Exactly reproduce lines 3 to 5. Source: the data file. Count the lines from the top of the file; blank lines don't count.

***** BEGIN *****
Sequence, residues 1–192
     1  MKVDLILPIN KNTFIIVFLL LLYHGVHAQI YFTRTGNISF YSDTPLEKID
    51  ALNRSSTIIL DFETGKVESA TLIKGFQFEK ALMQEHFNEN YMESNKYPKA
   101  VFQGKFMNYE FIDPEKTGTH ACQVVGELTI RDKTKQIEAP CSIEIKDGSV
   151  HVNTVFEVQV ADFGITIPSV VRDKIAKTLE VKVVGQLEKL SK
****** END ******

    51  ALNRSSTIIL DFETGKVESA TLIKGFQFEK ALMQEHFNEN YMESNKYPKA
   101  VFQGKFMNYE FIDPEKTGTH ACQVVGELTI RDKTKQIEAP CSIEIKDGSV
   151  HVNTVFEVQV ADFGITIPSV VRDKIAKTLE VKVVGQLEKL SK